ComStock Analysis Tool
ComStock™ allows stakeholders of varying technical inclinations to better understand how the commercial building stock in the United States uses energy and how different technologies and demand-side management strategies could change that energy use pattern in the future.
ComStock is an NREL model of the U.S. commercial building stock. The model takes some building characteristics from the U.S. Department of Energy's (DOE's) Commercial Prototype Building Models and Commercial Reference Building. However, unlike many other building stock models, ComStock also combines these with a variety of additional public- and private-sector data sets. Collectively, this information provides high-fidelity building stock representation with a realistic diversity of building characteristics.
Understanding how large groups of commercial buildings use energy throughout the day is a challenge. Individual buildings can be modeled or submetered, but doing so for even moderately sized geographic areas can be prohibitively expensive. Utility load research data can provide key insights, but understanding how demand-side management technologies and strategies will impact energy use is difficult. Matching building energy demand with available supplies is more critical than ever, and enabling practitioners to take decisive action remains challenging.
Through support from DOE, researchers at NREL developed ComStock, a sister tool to ResStock™. ComStock relies heavily on several extraordinary efforts spearheaded by private industry, DOE, and academia. Involved stakeholders have enabled the following ComStock capabilities:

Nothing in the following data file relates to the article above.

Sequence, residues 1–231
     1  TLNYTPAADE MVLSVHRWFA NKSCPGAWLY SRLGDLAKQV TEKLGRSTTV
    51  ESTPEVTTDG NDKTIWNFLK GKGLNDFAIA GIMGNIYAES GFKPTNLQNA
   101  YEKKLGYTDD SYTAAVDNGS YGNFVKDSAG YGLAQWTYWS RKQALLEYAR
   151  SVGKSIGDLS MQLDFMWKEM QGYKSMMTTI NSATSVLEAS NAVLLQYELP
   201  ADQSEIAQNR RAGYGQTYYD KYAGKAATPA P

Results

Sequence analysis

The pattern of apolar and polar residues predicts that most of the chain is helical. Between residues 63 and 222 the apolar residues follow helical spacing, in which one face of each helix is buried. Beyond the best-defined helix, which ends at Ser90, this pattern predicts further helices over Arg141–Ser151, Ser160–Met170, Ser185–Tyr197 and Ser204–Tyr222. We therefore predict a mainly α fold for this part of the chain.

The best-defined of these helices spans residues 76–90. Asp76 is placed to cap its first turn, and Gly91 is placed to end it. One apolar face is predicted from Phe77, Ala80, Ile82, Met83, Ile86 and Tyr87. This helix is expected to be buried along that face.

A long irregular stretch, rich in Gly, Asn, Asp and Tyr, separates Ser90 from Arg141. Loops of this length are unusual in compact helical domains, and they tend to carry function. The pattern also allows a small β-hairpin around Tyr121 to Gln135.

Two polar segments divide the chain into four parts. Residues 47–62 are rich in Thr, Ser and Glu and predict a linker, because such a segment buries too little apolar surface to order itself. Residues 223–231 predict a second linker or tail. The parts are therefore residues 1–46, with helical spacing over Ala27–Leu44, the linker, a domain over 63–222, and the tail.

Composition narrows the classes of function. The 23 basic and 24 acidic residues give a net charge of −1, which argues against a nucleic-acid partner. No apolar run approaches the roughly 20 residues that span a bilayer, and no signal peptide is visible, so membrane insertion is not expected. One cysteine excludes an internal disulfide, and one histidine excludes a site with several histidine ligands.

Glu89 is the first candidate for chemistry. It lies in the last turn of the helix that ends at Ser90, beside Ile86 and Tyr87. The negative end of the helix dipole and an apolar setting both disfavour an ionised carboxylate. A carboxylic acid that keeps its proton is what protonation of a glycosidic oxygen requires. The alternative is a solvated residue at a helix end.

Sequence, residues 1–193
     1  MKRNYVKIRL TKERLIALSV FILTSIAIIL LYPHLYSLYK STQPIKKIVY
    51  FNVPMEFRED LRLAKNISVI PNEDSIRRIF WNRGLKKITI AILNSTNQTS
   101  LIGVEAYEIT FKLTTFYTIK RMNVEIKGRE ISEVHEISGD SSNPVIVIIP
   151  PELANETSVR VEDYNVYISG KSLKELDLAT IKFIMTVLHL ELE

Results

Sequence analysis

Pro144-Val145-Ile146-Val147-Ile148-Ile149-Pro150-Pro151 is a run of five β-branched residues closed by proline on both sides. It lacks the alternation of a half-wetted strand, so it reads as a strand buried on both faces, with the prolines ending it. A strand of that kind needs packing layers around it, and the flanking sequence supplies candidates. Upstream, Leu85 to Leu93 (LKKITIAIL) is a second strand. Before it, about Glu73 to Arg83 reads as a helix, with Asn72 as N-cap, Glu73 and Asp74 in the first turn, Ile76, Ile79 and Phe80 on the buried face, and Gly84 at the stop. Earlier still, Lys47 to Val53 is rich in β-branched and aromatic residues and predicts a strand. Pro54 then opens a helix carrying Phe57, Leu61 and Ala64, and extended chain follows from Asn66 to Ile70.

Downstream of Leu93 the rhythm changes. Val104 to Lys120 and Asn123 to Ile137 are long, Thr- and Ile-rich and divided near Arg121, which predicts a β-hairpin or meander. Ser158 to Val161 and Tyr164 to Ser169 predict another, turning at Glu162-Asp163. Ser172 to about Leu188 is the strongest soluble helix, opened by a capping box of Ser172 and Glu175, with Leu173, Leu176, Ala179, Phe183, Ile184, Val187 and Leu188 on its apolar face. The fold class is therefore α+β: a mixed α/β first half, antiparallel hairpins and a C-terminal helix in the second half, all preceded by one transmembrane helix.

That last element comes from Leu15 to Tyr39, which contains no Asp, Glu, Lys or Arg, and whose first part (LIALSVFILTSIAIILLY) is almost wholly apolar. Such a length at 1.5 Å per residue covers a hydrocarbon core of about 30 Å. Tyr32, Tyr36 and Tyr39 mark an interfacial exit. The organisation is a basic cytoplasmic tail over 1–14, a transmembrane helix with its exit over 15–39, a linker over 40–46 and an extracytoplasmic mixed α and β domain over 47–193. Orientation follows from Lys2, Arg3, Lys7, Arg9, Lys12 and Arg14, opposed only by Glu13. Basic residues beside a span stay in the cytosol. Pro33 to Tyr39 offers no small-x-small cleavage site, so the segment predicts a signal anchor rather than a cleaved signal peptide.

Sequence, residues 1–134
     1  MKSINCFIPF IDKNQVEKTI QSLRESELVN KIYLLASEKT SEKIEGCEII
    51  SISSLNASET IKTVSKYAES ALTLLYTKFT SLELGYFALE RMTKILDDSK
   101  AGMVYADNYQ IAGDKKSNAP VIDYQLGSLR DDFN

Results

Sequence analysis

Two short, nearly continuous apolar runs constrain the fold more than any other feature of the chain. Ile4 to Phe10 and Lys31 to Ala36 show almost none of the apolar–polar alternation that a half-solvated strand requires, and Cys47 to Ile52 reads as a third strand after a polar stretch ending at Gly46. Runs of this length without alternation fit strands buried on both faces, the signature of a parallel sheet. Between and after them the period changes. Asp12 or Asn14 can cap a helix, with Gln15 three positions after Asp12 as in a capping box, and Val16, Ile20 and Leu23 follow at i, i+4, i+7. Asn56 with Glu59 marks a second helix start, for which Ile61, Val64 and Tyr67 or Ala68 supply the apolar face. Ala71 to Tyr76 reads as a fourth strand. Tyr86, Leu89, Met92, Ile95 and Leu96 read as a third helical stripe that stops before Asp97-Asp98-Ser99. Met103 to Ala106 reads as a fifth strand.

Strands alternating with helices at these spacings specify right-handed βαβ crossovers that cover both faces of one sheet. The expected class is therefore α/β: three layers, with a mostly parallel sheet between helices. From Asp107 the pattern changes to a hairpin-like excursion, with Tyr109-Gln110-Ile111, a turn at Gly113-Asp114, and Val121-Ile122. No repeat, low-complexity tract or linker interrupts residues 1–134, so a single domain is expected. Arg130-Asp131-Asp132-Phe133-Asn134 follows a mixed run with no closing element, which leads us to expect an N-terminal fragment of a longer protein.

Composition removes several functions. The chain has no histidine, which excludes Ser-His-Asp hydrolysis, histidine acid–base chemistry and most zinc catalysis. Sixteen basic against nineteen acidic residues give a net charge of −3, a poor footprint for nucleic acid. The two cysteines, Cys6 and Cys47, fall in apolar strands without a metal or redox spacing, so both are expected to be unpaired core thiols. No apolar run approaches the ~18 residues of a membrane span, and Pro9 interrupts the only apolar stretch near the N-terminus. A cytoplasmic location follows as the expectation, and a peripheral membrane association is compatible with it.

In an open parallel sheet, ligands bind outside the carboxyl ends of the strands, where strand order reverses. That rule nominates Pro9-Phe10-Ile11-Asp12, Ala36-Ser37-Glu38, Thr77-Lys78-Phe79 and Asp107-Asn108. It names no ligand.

- National commercial real estate databases
- Detailed subhourly building simulations
- High-efficiency sampling algorithms
- National and regional energy use surveys
- Advanced metering infrastructure data
- High-performance and cloud computing.
These capabilities represent the work of thousands of researchers and will enable high-fidelity information delivery across stakeholder groups.
ComStock's most notable capability is being able to tailor the results to the question at hand. The results of the model are available at multiple levels:
- Spatial: U.S., state, and, county geographic resolutions
- Temporal: Annual aggregations to 15-minute simulation intervals
- Sectoral: 16 (and counting) building types.
ComStock, although still in a beta stage, will provide access to results through a web visualization tool that will come online sometime in 2020. Additionally, the raw results data sets (estimated at ~10 TB) will be available for download. ComStock is undergoing extensive validation and calibration to both timeseries whole-building and end-use data through the End-Use Load Profiles project and is expected to be fully released in the second half of 2021. ComStock leverages and is deeply indebted to DOE's open-source building energy modeling ecosystem of OpenStudio® and EnergyPlus®.
As part of NREL's Electrification Futures Study, the ComStock team developed a high-resolution data set describing commercial building electrical energy use in 2012. The modeling methods and results are described in the report. Although ComStock was in a very early stage of development at the time, this effort demonstrated the value of high-resolution, bottom-up load modeling capabilities across large geographic areas at an hourly basis.
NREL is developing a city-scale version of the ComStock model for the Los Angeles 100% Renewable Energy Study. In this study, NREL is conducting a series of integrated modeling activities for the Los Angeles Department of Water and Power to understand the options and tradeoffs among different approaches to realizing the Los Angeles City Council's goal of meeting 100% of electricity demand with renewable resources. These integrated modeling activities involve using the modeling results from ComStock as inputs to distributed PV adoption, distribution feeder, and bulk power capacity expansion and production-cost models.